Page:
L.A. County supervisors seek more information on tsunami warning system
Los Angeles County supervisors are requesting more information on creating an emergency siren system along the coast to warn the public about incoming tsunamis.
The supervisors voted unanimously Tuesday ask the county Office of Emergency Management about the feasibility of developing a tsunami emergency siren warning system. Crescent City, Calif., near the Oregon border, which has a history of damage from tsunamis, had tsunami sirens sound on March 11, hours before the first damaging waves generated by the magnitude 9 earthquake in Japan hit the harbor.
Experts say Southern California could see significant tsunamis caused by a quake off Alaska or by undersea landslides spurred by earthquakes off California’s shore.
John Orcutt, a geophysics professor at Scripps Institution of Oceanography at UC San Diego, has previously told The Times that people on beaches or living near the coastline should immediately head to higher ground after an earthquake as a precaution against tsunamis.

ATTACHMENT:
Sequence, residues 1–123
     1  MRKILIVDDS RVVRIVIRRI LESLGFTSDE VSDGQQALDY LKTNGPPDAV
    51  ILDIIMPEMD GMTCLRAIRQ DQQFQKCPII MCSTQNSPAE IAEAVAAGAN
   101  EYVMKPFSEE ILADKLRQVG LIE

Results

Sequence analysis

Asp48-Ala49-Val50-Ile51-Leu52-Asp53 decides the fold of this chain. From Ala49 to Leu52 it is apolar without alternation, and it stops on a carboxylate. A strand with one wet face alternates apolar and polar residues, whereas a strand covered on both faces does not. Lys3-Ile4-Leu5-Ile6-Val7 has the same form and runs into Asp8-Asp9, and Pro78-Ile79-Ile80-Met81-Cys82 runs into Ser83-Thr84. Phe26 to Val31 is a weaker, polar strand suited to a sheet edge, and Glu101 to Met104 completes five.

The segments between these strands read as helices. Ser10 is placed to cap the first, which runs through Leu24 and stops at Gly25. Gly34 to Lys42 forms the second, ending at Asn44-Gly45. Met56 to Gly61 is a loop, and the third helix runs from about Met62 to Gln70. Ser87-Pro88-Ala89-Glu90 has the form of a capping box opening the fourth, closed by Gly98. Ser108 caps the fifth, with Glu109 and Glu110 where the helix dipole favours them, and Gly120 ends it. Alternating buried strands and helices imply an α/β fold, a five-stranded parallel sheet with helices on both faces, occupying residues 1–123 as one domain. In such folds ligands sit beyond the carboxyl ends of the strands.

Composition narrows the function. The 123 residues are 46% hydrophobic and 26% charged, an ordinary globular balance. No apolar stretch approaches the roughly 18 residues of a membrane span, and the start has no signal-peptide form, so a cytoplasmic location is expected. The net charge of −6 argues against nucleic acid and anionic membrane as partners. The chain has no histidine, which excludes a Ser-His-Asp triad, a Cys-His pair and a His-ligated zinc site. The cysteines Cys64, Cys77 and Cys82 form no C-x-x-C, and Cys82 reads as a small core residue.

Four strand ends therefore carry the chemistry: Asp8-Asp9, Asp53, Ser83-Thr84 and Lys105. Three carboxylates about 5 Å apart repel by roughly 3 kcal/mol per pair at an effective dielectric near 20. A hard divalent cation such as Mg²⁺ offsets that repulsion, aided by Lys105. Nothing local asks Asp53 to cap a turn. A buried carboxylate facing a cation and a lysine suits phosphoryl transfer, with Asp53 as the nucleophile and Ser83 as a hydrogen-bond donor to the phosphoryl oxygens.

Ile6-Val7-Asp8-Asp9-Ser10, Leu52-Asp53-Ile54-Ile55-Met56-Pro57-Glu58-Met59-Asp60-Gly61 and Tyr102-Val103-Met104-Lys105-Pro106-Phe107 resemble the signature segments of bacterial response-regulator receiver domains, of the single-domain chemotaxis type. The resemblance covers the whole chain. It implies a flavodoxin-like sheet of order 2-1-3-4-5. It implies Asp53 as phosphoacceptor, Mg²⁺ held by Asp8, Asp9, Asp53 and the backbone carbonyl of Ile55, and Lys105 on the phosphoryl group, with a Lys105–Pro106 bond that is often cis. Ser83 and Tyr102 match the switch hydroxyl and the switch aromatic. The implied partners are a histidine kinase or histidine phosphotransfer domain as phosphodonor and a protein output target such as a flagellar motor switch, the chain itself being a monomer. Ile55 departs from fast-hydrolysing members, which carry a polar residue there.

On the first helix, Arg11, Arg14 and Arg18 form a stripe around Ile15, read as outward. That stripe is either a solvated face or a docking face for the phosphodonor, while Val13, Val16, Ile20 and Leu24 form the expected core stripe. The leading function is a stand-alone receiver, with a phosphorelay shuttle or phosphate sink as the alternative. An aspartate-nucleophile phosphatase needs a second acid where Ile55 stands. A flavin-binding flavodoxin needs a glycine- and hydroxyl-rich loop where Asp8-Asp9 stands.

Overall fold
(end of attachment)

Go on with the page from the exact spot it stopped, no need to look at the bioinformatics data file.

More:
Other municipalities are reviewing tsunami warning systems after the March 11 tsunami, which caused $44 million in damage in California, mostly in Crescent City and Santa Cruz harbors.
The Santa Barbara County Office of Emergency Services said Friday that it was installing 150 signs warning beach and coast visitors that they were entering a tsunami hazard zone.
-- Rong-Gong Lin II reporting from the Los Angeles County Hall of Administration